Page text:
~ By Bob Volpe ~
It was another packed house at last week’s Woodland Park city council meeting.
Many in attendance came to show support or oppose an ordinance that will allow for the construction of a 72,000 square foot self-storage facility to be built on the old Saddle Club
property on Hwy. 24
The property in question is owned by the Saddle Club, but has recently been sold to developers M3XP2 for $2.4 million. An unusual twist to the sale is that the property sale could not be finalized until the ordinance was approved by council. Further complicating the sale is a pending lawsuit filed by Saddle Club members, who claim the sale was pushed through without the approval of the club members..
Before the hearing got under way, City Attorney Erin Smith pointed out council was required to proceed with a public hearing on matters that are recommended for approval by the planning commission. This was to clarify and head off a possible motion to table the ordinance pending
the resolution of the pending lawsuit.
Partner in M3XP2, Eric Smith, was first to present his argument in favor of the project. Smith commented on his previous experience with projects in Woodland Park, including the Trail Ridge apartments, and cited studies that he believes warrant the project being built in
town. He also stated the project is a low impact venture; it meets all the requirements set forth by city codes; and fills a need for the community. Smith then referenced a change in the request, that the primary use of the property will be onsite truck/trailer rental and the storage units would be the secondary use. The truck/trailer rentals will be limited to no more than a combined total of 30 trucks/trailers on site at any one time.
When Smith finished his presentation, City Planner Lor Pellegrino noted that the planning commission approved the project. She explained the project meets all code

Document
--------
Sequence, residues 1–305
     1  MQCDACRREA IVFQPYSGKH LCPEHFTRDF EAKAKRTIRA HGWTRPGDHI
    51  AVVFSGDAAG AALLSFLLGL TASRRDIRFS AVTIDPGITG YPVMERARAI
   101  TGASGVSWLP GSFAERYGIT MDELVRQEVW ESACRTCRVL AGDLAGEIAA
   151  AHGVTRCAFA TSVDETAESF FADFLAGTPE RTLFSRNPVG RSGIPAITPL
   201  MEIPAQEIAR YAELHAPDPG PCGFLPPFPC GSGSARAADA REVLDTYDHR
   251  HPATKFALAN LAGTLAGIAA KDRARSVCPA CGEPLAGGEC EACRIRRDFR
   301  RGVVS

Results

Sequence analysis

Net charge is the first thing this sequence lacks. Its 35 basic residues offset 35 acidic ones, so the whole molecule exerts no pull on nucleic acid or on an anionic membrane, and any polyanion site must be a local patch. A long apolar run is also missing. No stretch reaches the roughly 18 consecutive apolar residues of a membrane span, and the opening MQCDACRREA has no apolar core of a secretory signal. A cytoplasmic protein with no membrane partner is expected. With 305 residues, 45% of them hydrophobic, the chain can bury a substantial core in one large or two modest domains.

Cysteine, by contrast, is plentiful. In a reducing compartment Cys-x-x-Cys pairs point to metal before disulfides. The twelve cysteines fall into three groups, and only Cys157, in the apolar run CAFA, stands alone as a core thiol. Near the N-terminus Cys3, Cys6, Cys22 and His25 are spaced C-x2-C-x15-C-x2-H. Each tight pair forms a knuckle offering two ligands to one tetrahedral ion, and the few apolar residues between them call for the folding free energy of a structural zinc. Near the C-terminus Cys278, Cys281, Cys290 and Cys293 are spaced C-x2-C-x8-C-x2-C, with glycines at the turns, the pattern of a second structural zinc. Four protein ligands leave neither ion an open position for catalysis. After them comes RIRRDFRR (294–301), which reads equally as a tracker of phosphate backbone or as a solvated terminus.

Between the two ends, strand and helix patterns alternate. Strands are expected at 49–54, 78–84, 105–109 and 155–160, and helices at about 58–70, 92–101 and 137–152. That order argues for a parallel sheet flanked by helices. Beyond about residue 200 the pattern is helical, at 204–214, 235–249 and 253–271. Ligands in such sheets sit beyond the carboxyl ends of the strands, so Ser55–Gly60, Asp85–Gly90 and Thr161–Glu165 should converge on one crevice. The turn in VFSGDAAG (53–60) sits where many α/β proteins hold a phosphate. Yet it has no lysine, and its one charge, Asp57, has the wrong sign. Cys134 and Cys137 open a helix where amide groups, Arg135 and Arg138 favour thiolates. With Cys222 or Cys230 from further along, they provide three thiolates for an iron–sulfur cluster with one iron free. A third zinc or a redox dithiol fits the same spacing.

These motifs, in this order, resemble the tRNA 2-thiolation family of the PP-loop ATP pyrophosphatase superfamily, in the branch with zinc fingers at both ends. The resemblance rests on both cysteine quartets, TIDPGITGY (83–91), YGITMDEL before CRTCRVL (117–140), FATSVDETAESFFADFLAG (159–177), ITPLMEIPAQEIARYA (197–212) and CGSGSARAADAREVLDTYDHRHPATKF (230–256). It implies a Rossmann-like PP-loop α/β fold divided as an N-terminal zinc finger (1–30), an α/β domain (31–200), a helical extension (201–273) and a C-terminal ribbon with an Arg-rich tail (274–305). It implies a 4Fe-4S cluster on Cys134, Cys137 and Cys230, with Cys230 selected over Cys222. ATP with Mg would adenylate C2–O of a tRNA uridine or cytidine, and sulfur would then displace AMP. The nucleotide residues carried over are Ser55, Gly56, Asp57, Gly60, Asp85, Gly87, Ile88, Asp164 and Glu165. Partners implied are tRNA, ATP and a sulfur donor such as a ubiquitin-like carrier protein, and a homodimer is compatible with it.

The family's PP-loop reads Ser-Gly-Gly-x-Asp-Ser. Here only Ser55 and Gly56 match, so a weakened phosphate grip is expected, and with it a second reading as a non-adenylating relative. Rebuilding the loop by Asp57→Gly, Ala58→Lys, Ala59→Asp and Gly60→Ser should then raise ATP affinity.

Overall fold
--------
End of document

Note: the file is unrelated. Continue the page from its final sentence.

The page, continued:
requirements, complies with the 11 standards set forth by planning, and is within the city’s zoning for such a project.
Saddle Club leaders question deal
Saddle Club President Merry Jo Larsen addressed council regarding the sale of the property.
Larsen said she feels the Saddle Club membership was deceived when the sale was presented, and that the membership did not have proper representation regarding the contract. More importantly, she believes a vote of the entire Saddle Club membership should decide if the sale should take place, not just the board of directors. She also stated that the property is much too valuable to the future of the city for this type of project. She agrees there is a need for self-storage in the community, but that there are better uses for the land, and that there are better places to put a self-storage facility.
Long time resident Lisa Huff, who lives at the old Aspen Garden Nursery site adjacent to Fountain Creek, gave a power point presentation on the effects of erosion in Fountain Creek that could adversely impact the property.
Councilman Paul Saunier noted that erosion mitigation on the property was recently estimated at $5.4 million,
Saddle Club member, and operator of the Historic Ute Inn, Elijah Murphy, then addressed council. Murphy echoed the concerns of Larsen regarding the sale of the property, and that the project will not create many jobs. He claimed his main concern was that the builders are a high-risk group, and that the sales contract puts the Saddle Club at financial risk somehow. Murphy also claims that one of the members of the M3XP2 group, Pete LaBarre, is delinquent to the IRS on taxes.
This could not be confirmed at this time. According to Murphy, should the IRS come after LaBarre for back taxes, a lien could be placed on the property and the Saddle Club will suffer the consequences, financially bankrupting the organization.
Several other residents spoke out against the project, basically stating the property is not the right place for this project.
Upon conclusion of public comment, M3XP2 representatives rebutted several of the points made by those who spoke against the project.
Ultimately, council came to a consensus that the property rights of the owners trumped the concerns of the citizenry. In addition, the council believes that the lawsuit is not relevant to the approval of the ordinance, and that zoning use for the property is consistent with this project.
Council voted 5-0 to approve the ordinance.
Councilperson Noel Sawyer was absent, and Councilperson Hilary LaBarre recused herself from the hearing because of her relationship with Pete LaBarre.